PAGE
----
{Time to Read: 1 1/4 minutes}  Since my last article was published on Executive Action and the new immigration reform, USCIS has announced that they will begin accepting applications for the now-expanded Deferred Action for Childhood Arrivals initiative (DACA) on February 18, 2015.

The basics are the following:

Who: Individuals with no lawful immigration status who came to the United States under the age of 16, and are seeking protection from deportation and employment authorization.

What: Extends the deferred action period and employment authorization to three years from two years, and allows you to be considered for DACA if you:

— Entered the United States before the age of 16;

— Have lived in the United States continuously since at least January 1, 2010, rather than the prior requirement of June 15, 2007;

— Are of any age (removes the requirement to have been born since June 15, 1981); and

— Meet all the other DACA guidelines.

For more information go to: USCIS Deferred Action Childhood Arrivals (DACA)

While no requests will be accepted before February 18, what applicants can do right now is gather information and documents that they are going to need in order to apply.

Date of Entrance in US

Everyone who applies for DACA, DAPA or even the provisional waiver will need some proof of physical presence in the US.  Since many people have come in “without inspection,” meaning they came in through the border without actually going through the immigration process, they don’t have proof of exactly when they got here. In the absence of a stamped passport or similar document, they need to accumulate as much proof of their physical presence here as possible.

Look for anything that carries a date and their actual, legal name, not the name they might be using for the purpose of immigration benefits.  Here are some examples:

— Driver’s license

— Bills in their name that go to their residence or wherever they are staying

— School records showing enrollment

— Tax returns

Undocumented foreign nationals here in the U.S. will need to show to the best of their ability a specific date or as close as possible to one, to demonstrate that they were physically present before the minimum cutoff dates.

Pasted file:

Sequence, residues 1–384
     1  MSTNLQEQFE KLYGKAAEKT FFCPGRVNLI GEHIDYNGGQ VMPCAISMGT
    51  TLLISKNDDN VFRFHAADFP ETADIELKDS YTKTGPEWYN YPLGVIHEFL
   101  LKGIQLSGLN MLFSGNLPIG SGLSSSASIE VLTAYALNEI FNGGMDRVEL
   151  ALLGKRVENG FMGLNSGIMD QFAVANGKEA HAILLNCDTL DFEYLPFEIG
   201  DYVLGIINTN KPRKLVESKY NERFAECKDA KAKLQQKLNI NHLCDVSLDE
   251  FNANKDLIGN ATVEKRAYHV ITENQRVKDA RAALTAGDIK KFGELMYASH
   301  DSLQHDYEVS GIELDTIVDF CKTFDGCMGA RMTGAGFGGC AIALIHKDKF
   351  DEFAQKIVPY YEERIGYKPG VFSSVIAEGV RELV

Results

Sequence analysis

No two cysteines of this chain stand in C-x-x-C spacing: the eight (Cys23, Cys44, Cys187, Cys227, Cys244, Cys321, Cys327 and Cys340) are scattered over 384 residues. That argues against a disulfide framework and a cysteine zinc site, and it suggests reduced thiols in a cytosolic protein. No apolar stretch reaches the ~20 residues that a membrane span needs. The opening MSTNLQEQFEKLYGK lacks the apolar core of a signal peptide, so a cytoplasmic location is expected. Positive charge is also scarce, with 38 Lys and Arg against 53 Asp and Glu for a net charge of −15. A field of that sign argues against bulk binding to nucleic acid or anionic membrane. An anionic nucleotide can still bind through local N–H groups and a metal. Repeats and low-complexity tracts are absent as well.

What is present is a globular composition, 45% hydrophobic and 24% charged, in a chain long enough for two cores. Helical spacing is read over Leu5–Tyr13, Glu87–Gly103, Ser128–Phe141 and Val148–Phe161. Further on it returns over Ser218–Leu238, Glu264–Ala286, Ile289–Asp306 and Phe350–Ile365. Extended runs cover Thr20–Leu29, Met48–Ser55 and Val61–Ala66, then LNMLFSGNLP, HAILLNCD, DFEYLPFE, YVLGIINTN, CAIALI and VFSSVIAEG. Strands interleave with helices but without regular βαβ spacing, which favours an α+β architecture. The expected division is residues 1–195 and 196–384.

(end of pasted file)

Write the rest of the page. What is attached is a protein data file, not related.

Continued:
Proof of Enrollment in school, high school diploma or equivalency or college/graduate degrees

These include:

— School records including letter of confirmation of enrollment

— Diplomas

Tax Returns

If they’ve paid taxes, the government will want to have a copy of all their tax returns.  Even if they are not required right away, the government will probably require them at some point, so it is best to have them ready and available.


Just because the remedy is announced doesn’t mean that everybody will qualify. People need to assess their eligibility, and if it triggers potential deportation, they should go to an immigration expert.

If they have any criminal past whatsoever, even a simple arrest, they should retain an attorney who  specializes in immigration, assess the damage that their criminal record might do, and whether that makes them ineligible for the remedy or even worse, deportable. It’s important to make that assessment before you apply.

No matter what you do, if you think you may be eligible just on the face of what the guidelines say so far, you should start gathering documents.  Once the regulations are released, consult with an experienced immigration attorney.

Have questions about your documentation?  Please feel free to give us a call.